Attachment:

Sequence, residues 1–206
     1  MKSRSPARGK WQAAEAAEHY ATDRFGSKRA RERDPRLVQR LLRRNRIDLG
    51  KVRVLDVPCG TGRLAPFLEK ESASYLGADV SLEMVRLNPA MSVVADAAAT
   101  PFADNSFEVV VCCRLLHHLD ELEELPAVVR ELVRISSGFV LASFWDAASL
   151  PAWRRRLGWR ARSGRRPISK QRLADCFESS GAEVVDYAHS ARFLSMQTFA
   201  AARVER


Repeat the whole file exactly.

Sequence, residues 1–206
     1  MKSRSPARGK WQAAEAAEHY ATDRFGSKRA RERDPRLVQR LLRRNRIDLG
    51  KVRVLDVPCG TGRLAPFLEK ESASYLGADV SLEMVRLNPA MSVVADAAAT
   101  PFADNSFEVV VCCRLLHHLD ELEELPAVVR ELVRISSGFV LASFWDAASL
   151  PAWRRRLGWR ARSGRRPISK QRLADCFESS GAEVVDYAHS ARFLSMQTFA
   201  AARVER